Most of the dioramas aren't "whodunnits." The set-ups are crime scenes as they were when the police first arrived and all the relevant people in the case hadn't been interviewed yet. The viewer of the model knows only what what he can see and what the person who found the body had to say. That person may or may not have told the truth.

Sometimes first impressions are misleading. In this case (above) the inebriated victim appears to have accidentally fallen backward while sitting on the edge of a bathtub. A closer look reveals that the right leg is stiff at the knee, which should have been bent, indicating rigor mortis had already taken place before the fall. This woman died before she was placed in the tub.

As in real life, not every item seen is important. The presence of a magazine (above) might mean nothing at all.

There's a terrible poignancy to some of these models. Here's (above) a man's bedroom which is dominated by a green dresser. On the dresser we see artifacts of the dead man's life: a tie, a pocket watch, a whisk broom.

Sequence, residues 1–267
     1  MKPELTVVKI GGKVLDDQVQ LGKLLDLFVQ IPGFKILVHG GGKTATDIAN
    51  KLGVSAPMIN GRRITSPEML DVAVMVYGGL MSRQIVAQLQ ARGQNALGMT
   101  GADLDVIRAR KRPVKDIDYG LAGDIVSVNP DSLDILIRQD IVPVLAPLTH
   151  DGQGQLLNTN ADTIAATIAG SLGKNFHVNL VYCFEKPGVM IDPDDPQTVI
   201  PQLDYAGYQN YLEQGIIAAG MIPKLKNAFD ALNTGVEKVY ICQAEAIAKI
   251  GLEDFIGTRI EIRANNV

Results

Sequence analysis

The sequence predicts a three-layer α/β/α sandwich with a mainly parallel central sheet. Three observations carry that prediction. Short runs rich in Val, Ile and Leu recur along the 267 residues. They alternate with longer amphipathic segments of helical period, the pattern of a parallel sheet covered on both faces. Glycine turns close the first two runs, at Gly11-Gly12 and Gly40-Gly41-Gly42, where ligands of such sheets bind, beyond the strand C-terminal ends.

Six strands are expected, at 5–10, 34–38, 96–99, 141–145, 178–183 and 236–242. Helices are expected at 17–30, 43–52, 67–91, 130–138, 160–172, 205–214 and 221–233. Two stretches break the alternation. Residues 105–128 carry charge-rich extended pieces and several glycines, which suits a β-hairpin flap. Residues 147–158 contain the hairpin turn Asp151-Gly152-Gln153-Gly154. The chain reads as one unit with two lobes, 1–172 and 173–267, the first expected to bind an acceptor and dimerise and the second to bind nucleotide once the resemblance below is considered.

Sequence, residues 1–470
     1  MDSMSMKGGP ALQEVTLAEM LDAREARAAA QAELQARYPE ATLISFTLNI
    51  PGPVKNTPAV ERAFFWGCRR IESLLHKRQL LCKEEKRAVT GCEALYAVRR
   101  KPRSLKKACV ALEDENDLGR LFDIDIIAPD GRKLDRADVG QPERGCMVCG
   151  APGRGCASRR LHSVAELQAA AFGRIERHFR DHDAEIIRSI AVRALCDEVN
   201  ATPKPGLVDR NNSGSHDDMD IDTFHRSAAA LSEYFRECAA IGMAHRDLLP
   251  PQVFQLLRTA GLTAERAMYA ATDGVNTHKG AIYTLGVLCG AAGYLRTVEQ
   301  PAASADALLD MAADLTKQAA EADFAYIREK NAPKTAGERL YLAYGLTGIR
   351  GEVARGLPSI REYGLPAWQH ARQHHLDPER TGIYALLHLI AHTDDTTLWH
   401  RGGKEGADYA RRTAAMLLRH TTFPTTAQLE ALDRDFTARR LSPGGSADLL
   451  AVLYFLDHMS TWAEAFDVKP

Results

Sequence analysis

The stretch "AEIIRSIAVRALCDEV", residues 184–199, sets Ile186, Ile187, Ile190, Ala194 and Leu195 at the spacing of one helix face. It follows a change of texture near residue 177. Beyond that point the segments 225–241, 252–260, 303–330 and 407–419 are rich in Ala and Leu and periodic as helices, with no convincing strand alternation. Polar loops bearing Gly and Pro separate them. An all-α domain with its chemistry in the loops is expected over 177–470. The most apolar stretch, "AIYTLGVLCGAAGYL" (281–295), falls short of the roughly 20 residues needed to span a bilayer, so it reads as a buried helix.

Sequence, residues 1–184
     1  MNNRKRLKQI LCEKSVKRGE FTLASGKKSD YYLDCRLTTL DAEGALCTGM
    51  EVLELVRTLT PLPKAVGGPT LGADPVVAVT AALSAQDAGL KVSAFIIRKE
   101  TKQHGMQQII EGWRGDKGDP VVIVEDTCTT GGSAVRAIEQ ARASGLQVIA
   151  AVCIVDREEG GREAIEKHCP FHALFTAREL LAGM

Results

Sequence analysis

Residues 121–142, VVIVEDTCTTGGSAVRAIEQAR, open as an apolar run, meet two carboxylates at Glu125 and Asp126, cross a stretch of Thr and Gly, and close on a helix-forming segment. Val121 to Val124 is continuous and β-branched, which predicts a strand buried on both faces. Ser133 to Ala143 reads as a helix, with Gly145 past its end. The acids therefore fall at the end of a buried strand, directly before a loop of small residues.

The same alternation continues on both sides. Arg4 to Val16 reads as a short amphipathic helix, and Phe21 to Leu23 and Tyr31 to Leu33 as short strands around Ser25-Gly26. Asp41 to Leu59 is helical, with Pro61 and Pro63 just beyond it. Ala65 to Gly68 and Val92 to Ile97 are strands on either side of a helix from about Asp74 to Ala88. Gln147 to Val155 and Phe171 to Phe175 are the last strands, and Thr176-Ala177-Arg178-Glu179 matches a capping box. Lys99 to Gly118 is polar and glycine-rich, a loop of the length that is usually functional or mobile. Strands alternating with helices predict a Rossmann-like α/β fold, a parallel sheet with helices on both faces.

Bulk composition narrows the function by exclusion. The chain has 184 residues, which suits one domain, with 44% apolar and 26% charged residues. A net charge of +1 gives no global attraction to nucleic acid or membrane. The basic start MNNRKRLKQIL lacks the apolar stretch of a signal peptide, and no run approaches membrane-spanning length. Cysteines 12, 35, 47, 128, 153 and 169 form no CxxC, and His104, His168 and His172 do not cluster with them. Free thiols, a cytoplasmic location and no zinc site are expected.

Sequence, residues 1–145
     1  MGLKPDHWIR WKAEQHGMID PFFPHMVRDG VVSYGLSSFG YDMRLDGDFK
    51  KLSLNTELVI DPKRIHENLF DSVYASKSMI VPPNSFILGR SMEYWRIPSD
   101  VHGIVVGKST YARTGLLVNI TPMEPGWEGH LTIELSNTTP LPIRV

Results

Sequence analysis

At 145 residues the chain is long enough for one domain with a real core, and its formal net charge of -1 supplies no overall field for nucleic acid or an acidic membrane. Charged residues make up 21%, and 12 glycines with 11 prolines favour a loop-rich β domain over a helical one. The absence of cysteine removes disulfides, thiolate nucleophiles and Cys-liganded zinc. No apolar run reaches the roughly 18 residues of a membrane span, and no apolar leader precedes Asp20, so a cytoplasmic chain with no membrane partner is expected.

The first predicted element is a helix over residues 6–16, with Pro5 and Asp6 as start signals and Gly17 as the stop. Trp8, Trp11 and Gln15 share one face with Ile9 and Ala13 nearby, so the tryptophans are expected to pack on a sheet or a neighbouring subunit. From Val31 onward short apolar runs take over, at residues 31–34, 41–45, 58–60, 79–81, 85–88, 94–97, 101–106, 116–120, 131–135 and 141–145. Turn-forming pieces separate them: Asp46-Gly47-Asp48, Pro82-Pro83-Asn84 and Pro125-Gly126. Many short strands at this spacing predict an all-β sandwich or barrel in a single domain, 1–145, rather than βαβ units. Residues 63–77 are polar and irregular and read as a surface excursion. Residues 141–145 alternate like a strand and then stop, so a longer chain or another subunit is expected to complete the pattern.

Writer Paul Auster comments: "There is nothing more terrible than having to face the objects of a dead man.  They have meaning only in function of the life that makes use of them. When that life ends...they are condemned to survive in a world they no longer belong to. What is one to think, for example, of a dozen empty tubes of hair coloring hidden away in a leather traveling case?

In themselves the things mean nothing, like the cooking utensils of some vanished civilization. And yet they say something to us, standing there not as objects but as remnants of thought, of consciousness, emblems of the solitude in which a man comes to make decisions about himself, like whether to color his hair, whether to live, whether to die. And the futility of it all once there is death."

Lee endowed The Department of Legal Medicine at Harvard. Every graduating class was treated to a dinner party at the most posh restaurant in Boston.  She arranged for dinner jackets for all but instructed the wine steward to deny wine to anyone who spoke too loud...just what Miss Marple might have done!

BTW: I found out about all this in a book called "The Nutshell Studies of Unexplained Death" by Corinne May Botz.

Sunday, April 13, 2014